Optionals are a pervasive programing pattern in OCaml. Since Michelson and LIGO are both inspired by OCaml, optional types are available in LIGO as well. Similarly, OCaml features a unit type, and LIGO features it as well. Both the option type and the unit types are instances of a more general kind of types: variant types (sometimes called sum types).
The unit type in Michelson or LIGO is a predefined type that contains only one value that carries no information. It is used when no relevant information is required or produced. Here is how it used.
In CameLIGO, the unique value of the unit type is (), following the OCaml convention.
let n : unit = ()
Here is how we define a coin as being either head or tail (and nothing else):
type coin = Head | Tail let head : coin = Head let tail : coin = Tail
The names Head and Tail in the definition of the type coin are called data constructors, or variants. In this particular, they carry no information beyond their names, so they are called constant constructors.
In general, it is interesting for variants to carry some information, and thus go beyond enumerated types. In the following, we show how to define different kinds of users of a system.
type id = nat type user = Admin of id | Manager of id | Guest let u : user = Admin 1000n let g : user = Guest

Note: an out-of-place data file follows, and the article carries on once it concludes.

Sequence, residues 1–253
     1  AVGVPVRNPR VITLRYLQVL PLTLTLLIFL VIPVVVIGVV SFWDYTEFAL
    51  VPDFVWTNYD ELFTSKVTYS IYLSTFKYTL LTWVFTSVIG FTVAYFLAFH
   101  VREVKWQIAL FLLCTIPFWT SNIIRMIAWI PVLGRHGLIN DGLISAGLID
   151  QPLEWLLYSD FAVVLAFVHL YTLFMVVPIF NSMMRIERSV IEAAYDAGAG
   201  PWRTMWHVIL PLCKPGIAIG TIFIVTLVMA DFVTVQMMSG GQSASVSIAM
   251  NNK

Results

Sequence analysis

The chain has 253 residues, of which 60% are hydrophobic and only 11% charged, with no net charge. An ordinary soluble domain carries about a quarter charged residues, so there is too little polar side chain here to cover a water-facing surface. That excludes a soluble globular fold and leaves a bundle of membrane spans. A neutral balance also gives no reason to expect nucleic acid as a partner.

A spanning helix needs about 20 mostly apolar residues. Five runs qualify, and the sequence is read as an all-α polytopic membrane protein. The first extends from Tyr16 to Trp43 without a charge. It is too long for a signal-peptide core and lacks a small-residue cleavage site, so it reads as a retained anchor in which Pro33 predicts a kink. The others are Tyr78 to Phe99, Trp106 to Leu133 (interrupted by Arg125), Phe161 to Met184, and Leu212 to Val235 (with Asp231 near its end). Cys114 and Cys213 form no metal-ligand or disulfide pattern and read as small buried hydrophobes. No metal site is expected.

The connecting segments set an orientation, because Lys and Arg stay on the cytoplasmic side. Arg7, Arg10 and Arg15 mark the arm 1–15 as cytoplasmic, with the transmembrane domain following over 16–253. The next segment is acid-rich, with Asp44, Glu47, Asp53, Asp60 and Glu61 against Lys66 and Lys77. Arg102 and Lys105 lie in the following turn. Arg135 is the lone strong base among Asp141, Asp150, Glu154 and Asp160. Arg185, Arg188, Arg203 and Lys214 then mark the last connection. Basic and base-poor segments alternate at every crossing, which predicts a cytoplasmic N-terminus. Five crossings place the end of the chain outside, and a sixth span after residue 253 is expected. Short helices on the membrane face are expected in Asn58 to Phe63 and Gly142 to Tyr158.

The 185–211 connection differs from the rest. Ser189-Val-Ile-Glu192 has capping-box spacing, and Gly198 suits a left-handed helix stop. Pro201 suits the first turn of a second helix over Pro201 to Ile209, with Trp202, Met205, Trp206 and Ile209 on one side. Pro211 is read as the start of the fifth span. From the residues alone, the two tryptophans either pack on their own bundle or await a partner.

In LIGO, a constant constructor is equivalent to the same constructor taking an argument of type unit, so, for example, Guest is the same value as Guest (unit).
type coin = Head | Tail let flip (c : coin) : coin = match c with Head -> Tail | Tail -> Head
Notice the switch construct is using the match with instruction to discriminate all possible values of c
1- Create the type parameter as a variant.
2- Define the first option of the variant as Set_ship_code which will be our action to set the ship code. Notice this will take a string as an input.
3- Define the second option of the variant as Go_to which will be our action to set the ship on course to a new destination. Notice this will also take a string as an input.